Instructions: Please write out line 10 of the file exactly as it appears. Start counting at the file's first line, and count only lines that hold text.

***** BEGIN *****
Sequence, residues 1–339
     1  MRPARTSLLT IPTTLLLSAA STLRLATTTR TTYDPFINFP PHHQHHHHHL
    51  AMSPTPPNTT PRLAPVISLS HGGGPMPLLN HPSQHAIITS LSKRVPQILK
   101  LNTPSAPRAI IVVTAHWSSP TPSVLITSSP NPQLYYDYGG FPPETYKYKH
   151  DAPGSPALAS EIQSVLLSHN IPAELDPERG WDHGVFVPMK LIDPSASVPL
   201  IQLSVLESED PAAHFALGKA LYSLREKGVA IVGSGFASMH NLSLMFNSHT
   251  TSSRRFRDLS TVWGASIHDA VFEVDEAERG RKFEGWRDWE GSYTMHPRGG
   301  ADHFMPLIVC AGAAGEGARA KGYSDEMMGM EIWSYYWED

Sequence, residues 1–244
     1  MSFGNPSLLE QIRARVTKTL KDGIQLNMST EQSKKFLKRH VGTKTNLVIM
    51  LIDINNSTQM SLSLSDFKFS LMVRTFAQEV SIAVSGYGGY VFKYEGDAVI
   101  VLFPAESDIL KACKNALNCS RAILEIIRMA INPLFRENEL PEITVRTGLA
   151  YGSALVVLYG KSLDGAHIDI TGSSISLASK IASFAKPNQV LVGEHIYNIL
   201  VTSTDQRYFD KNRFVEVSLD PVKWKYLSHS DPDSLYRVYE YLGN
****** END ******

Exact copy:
     1  MSFGNPSLLE QIRARVTKTL KDGIQLNMST EQSKKFLKRH VGTKTNLVIM